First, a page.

We all receive requests of our time. “Donate time to my non profit,” “Speak on my panel,” “Help me with my book,” “Lets grab coffee to talk about my career.”
Most of these requests fail because they are zero-sum requests. What the requestor is actually asking for is the requestee’s valuable time without considering his needs. Being the time I have left with my terminally ill father is precious, every request for my time has to be weighed against that trade off. For others it could be precious time with their kids, time spent on a passion project, or just time to unwind.
Like it or not, we are self-interested creatures, and there’s nothing wrong about that. But if you forget this and act lazy by not doing your homework to determine what the requestee needs, don’t expect anyone to return your calls or emails.
What does the requestee need?
Before I make a request of anyone’s time, I ask myself, “What does the requestee need?” Before the internet (I try to forget those days), one would have to do heavy leg work to determine what people are interested in. Now, with linkedin, facebook, quora, and etc. one can easily determine what makes others tick (assuming you can filter through some of their pretentious corporate bullshit speak (see “innovator,” “doer,” “visionary,” and etc.). And if you don’t bother to research what I need, then I don’t need to bother answering your request.
If I can’t determine what the person needs, the odds of my message not being replied to sky rockets. If by some fluke the person reads my request that’s not tailored to their needs, getting what I want now depends on the person’s goodwill and charity, which is a position of weakness. Until I can crystallize how my request will benefit the person, I won’t make the request.
Here’s a list of possible archetypes that drive our behavior in no particular order:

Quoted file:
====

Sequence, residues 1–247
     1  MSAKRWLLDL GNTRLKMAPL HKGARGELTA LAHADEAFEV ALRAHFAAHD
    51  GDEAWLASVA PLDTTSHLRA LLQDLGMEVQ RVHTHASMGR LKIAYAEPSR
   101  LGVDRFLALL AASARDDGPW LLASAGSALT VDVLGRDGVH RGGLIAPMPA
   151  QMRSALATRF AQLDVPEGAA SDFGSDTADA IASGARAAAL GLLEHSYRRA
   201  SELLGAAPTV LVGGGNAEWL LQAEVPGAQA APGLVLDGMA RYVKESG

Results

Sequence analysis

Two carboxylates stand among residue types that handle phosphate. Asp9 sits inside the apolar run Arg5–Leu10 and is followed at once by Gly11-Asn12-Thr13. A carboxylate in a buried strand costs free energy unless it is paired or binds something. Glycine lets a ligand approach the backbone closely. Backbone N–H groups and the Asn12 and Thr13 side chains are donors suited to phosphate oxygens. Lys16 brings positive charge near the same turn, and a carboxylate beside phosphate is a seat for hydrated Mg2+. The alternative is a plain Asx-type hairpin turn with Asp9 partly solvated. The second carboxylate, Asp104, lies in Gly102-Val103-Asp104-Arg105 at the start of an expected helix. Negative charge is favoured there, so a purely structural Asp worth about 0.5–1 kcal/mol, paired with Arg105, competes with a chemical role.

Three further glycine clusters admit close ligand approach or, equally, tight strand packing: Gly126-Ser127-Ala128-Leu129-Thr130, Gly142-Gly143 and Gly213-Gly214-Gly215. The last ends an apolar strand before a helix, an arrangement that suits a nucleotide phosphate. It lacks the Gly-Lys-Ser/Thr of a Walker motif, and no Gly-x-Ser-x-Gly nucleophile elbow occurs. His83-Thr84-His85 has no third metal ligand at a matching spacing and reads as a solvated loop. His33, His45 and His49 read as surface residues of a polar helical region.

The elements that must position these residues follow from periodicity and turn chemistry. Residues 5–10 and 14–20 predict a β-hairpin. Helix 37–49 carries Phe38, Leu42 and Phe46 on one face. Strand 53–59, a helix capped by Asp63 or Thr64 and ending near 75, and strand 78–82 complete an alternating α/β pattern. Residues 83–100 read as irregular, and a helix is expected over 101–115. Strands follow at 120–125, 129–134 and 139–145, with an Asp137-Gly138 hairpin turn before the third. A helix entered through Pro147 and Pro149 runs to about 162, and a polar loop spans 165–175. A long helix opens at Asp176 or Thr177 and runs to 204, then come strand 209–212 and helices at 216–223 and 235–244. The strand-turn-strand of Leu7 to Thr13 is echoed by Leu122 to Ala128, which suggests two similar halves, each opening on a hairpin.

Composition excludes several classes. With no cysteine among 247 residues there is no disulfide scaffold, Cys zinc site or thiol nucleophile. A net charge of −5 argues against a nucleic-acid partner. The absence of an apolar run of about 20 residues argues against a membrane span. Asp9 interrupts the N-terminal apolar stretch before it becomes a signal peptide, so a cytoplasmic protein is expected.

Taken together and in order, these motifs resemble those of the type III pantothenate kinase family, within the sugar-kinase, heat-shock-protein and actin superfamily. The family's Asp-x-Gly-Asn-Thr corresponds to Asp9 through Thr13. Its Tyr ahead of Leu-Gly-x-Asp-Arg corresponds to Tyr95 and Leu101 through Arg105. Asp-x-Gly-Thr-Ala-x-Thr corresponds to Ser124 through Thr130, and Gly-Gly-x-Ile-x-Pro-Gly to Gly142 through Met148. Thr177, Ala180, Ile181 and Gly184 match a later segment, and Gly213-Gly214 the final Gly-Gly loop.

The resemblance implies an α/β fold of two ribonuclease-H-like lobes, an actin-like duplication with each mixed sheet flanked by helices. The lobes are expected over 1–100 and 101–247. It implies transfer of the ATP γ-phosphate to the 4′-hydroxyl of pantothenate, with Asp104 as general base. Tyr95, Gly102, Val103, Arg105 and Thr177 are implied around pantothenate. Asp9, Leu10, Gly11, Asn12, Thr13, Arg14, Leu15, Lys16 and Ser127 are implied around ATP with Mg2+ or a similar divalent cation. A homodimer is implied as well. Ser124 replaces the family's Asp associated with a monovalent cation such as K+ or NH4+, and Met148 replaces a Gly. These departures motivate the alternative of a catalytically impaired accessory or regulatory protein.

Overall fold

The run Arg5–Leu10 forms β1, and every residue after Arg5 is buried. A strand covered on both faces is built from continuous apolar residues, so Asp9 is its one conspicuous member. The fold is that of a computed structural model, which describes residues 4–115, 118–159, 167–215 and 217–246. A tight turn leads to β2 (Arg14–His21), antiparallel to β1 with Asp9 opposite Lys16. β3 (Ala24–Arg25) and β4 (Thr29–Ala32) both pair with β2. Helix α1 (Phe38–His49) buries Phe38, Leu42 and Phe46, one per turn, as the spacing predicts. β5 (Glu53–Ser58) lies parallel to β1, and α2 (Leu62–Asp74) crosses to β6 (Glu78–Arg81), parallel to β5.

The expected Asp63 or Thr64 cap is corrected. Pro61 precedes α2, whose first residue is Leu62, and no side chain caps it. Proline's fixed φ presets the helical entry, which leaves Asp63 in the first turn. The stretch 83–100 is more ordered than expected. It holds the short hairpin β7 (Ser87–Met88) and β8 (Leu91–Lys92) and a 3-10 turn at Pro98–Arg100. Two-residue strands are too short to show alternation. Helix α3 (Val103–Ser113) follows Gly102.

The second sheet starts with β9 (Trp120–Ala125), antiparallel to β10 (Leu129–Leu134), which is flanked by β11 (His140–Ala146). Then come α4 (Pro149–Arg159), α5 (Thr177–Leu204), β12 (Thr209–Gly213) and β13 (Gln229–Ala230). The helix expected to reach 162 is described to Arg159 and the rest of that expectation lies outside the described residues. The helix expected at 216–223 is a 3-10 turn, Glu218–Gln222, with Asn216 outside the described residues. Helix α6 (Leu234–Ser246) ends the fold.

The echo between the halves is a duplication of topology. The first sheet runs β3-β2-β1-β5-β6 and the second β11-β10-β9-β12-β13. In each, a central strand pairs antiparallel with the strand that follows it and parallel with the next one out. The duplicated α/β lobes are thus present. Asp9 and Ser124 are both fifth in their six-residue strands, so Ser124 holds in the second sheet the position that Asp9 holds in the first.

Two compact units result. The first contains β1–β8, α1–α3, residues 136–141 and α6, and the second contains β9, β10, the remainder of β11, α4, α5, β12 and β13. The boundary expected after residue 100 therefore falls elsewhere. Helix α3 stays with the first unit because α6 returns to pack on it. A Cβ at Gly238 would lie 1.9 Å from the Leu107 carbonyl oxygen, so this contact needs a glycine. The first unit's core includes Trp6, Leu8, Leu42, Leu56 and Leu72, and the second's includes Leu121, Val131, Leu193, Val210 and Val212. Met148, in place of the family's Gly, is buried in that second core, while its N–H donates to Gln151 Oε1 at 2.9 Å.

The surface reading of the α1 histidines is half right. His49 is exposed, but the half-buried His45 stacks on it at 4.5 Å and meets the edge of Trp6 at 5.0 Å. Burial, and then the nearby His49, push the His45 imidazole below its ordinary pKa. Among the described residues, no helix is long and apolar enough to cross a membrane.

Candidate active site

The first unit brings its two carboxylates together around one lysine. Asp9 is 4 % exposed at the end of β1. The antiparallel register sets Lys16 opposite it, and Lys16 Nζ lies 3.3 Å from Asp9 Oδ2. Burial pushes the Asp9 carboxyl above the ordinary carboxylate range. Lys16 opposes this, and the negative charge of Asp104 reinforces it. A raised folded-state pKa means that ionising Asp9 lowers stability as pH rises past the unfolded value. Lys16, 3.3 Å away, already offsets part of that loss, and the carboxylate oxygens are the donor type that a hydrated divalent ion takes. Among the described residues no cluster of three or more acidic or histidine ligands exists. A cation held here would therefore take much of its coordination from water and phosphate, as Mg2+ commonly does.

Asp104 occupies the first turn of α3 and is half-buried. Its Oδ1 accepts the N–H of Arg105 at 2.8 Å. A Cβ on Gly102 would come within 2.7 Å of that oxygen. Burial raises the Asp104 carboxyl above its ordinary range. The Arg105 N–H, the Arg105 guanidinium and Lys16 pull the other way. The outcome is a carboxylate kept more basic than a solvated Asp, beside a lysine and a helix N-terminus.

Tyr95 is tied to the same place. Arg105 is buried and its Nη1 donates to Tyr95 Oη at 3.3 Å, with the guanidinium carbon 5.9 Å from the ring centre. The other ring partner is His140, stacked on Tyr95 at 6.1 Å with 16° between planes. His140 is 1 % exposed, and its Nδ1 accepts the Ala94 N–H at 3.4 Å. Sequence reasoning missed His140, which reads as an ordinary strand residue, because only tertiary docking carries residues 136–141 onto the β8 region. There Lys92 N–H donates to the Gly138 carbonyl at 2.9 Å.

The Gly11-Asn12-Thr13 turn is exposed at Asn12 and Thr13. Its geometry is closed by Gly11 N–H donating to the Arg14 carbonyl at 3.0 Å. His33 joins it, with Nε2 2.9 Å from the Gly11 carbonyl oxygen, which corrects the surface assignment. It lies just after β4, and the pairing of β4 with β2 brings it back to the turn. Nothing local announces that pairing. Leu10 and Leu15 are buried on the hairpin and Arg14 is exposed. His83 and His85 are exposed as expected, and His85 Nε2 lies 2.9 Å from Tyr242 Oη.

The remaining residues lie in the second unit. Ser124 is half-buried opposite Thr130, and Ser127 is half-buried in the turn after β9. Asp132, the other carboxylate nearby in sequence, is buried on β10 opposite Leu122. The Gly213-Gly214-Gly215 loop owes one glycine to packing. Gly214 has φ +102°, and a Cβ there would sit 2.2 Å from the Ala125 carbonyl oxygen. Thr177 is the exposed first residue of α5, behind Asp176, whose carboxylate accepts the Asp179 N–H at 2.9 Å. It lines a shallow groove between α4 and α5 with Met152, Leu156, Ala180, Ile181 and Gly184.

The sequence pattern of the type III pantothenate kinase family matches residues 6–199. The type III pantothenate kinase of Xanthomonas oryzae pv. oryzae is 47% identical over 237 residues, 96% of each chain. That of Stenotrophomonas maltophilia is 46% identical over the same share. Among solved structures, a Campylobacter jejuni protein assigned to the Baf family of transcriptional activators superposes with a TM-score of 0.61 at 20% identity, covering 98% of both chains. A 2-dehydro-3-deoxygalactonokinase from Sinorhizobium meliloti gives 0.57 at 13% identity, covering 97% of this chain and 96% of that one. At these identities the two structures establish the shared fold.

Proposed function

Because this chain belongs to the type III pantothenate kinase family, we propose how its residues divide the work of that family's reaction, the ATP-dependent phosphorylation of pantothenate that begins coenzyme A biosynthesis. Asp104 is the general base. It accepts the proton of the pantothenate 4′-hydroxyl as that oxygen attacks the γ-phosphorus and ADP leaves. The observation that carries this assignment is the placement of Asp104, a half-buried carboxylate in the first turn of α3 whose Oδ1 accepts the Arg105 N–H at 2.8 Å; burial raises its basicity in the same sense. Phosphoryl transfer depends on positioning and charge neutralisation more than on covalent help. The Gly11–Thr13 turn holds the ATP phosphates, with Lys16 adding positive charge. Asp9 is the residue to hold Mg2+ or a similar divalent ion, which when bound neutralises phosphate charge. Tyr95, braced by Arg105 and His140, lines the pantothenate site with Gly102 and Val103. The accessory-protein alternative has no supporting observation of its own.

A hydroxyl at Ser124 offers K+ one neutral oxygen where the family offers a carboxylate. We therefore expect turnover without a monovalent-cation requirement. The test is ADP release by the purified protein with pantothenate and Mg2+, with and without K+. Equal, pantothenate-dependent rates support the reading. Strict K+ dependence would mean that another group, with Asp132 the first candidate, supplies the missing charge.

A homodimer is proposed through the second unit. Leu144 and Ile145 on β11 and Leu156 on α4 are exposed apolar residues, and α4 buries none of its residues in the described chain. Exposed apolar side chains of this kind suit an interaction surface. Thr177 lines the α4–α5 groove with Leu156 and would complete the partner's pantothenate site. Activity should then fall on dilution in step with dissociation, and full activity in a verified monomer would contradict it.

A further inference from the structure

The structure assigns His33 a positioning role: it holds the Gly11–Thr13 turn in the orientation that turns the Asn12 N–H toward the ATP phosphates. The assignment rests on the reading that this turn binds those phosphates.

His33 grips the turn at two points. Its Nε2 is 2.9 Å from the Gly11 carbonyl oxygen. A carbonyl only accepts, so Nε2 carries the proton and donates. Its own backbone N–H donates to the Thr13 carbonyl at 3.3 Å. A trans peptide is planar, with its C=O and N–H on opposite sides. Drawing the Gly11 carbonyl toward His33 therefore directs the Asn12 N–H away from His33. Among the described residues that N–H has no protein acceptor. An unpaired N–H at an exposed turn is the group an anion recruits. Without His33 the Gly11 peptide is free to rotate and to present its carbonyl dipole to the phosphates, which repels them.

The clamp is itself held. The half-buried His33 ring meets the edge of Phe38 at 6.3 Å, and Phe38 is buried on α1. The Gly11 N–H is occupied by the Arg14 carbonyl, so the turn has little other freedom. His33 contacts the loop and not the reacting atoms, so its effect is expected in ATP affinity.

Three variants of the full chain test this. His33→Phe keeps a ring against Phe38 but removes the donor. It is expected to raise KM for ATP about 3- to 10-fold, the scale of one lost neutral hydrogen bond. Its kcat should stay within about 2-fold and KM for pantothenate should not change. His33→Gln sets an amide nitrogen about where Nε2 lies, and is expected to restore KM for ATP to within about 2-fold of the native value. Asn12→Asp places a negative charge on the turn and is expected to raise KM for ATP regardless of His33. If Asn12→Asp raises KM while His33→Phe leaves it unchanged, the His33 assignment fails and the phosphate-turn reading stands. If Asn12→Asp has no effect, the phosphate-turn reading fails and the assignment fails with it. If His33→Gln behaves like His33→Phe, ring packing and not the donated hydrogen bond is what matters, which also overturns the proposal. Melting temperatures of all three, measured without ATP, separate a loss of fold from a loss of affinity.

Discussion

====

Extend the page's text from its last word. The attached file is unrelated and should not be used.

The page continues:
Egoist: Some people love to have their egos stroked (see the FB attention tools that love uploading shots of themselves doing absolutely nothing besides trying to look handsome or pretty for people to fawn over). If you’re dealing with an egomaniac, appeal to their need to be appreciated by the mob.
Capitalist: Money talks. Furthering the goals of the requestee’s inner capitalist is always a motivating factor.
Networker: Expanding the requestee’s network can increase the influence and power he has, but you must explain why these new connections will benefit him.
Touchy Feely: People need to feel that they belong. Your request can connect the requestee with a group of like-minded people that can further his goals.
Careerist: Climbing the corporate ladder is all that matters for some people and there’s no problem with that. If you’re dealing with a careerist, determine what they need to climb the next rung of the ladder.
Charity/Legacy Builder: People want to be remembered. Every time you hear people say “I want to scale altruism,” “Leave an impact on our community,” they’re indicating leaving legacy. As in the ages of antiquity man cared about glory and conquest to be remembered through the ages, the same can be said with altruism. That’s why most large donors need to have their names plastered all over their new museum or hospital wing.
Information Addict: No matter what field you are in, be it entrepreneurship, clinical research personal development, and etc. you’re always looking for new information to perfect your craft. Figure out which field your requestee is in, find white papers or research in that area, and share it with them.
The list can go on and on. You need to identify which archetype drives the person and work this into your request if you’re going to be successful.
In summary, determine what the requestee needs before making your request or suffer the consequences.